The experiments reported in this study provide new information with respect to complex Ag processing by DC. First, the long-term DC line, XS52 DC, was capable of processing PPD into immunogenic peptides, in the complete absence of other cell types. Although previous studies using several different DC preparations have documented similar results (3–12), this is the first report validating the Ag processing capacity of DC, in the absence of contaminating cells. Second, we have characterized the protease profiles expressed by DC. XS52 DC, 4F7+ splenic DC, and bone marrow-derived DC, all exhibited significant protease activities for cathepsins B, C, D/E, H, J, and L, BLT esterase, and chymotrypsin. Thus, DC possess the capacity to produce a family of protease activities. Finally, pepstatin A, but not other protease inhibitors, abrogated almost completely the ability of XS52 DC to digest native PPD into an antigenic product, suggesting an important role for pepstatin A-sensitive proteases (most likely cathepsin D and/or E) during Ag processing by DC. Taken together, these results reinforce the concept that DC are fully capable of processing complex protein Ag into antigenic peptides.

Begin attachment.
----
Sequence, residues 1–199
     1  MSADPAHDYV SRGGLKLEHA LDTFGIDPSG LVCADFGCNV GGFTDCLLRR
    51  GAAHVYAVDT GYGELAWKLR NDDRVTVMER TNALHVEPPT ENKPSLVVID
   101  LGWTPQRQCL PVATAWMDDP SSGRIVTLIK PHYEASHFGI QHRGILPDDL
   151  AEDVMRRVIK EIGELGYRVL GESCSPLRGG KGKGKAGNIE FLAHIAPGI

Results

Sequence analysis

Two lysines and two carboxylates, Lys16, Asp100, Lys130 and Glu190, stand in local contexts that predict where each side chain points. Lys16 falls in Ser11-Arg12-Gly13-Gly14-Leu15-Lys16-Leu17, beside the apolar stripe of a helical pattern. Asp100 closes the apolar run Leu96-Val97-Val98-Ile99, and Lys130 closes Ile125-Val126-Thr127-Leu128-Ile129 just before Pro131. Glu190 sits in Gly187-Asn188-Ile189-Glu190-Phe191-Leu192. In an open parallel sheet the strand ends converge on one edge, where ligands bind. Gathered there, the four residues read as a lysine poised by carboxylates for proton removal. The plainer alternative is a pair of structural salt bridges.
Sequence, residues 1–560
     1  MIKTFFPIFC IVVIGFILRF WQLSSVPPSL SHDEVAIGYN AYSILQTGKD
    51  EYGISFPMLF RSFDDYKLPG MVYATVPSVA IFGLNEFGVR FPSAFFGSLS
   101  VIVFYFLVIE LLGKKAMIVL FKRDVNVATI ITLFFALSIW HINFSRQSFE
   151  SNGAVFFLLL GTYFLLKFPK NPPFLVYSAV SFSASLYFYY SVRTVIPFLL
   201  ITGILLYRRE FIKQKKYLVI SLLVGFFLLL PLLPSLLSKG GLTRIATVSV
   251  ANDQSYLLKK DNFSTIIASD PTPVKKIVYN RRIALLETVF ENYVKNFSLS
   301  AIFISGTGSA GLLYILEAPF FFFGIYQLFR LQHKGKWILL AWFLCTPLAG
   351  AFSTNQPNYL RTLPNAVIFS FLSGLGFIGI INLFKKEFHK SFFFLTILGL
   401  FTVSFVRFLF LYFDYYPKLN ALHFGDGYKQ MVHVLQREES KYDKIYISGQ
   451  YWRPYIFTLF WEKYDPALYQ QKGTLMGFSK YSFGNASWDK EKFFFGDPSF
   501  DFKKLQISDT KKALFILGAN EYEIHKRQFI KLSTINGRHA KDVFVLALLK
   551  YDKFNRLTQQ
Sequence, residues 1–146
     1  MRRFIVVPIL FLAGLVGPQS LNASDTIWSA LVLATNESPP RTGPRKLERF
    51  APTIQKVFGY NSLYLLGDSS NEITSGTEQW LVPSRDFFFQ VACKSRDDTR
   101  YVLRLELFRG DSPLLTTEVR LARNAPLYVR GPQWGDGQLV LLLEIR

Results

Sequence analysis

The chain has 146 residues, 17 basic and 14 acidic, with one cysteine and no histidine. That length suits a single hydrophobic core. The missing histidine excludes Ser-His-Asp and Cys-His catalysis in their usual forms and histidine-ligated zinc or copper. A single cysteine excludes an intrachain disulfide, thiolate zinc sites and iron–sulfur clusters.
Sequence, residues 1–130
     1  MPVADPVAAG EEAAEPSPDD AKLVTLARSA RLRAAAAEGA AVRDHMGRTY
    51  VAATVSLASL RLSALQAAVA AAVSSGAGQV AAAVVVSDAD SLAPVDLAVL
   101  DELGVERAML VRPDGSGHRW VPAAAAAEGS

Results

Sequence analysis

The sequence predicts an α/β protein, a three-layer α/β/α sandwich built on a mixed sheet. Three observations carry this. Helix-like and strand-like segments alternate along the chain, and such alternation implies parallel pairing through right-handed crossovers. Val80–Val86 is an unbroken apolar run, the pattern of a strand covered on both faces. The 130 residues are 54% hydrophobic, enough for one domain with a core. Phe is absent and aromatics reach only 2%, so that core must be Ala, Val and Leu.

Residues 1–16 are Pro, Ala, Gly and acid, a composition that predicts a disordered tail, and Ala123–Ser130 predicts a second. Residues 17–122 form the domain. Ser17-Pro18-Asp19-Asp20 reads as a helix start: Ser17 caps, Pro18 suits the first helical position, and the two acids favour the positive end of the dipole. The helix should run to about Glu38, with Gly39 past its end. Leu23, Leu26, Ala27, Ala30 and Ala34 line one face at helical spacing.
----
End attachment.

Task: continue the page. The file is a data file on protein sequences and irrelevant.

As described before, macrophages and B cells have been reported to employ cathepsins B, D, and E primarily to digest complex protein Ag, such as ovalbumin (OVA), hen egg white lysozyme (HEL), myoglobin, exogenous IgG, and Staphylococcus aureus nuclease (17–22). Here we report that DC also employ cathepsin D and/or E to digest PPD into an immunogenic Ag-product. This conclusion is supported by several lines of evidence: a) pepstatin A, but not other protease inhibitors, completely blocked the presentation of intact PPD by XS52 DC to PPD-reactive Th1 and Th2 clones, whereas it did not affect the presentation of PPD fragments; b) pepstatin A pretreatment inhibited cathepsin D/E activity selectively among the DC-associated protease activities; and c) all tested DC preparations expressed cathepsin D mRNA constitutively. In this regard, DC isolated from the mouse thoracic duct have been reported to produce neglible, if any, cathespin D immunoreactivity (assessed by immunofluorescence staining), whereas peritoneal macrophages produced relatively large amounts . Also comparable levels of cathepsin D/E activity were detected in extracts from bone marrow-derived DC and from bone marrow-derived macrophages (data not shown). This discordance may reflect differences in the DC preparations tested and/or in the assays employed to detect cathepsin D. Nevertheless, our observations indicate that DC employ cathepsin D/E to degrade some protein Ag, with the implication that pepstatin A and other cathepsin D/E inhibitors  may be useful to prevent and even to treat unwanted hypersensitivity reactions against such protein Ag.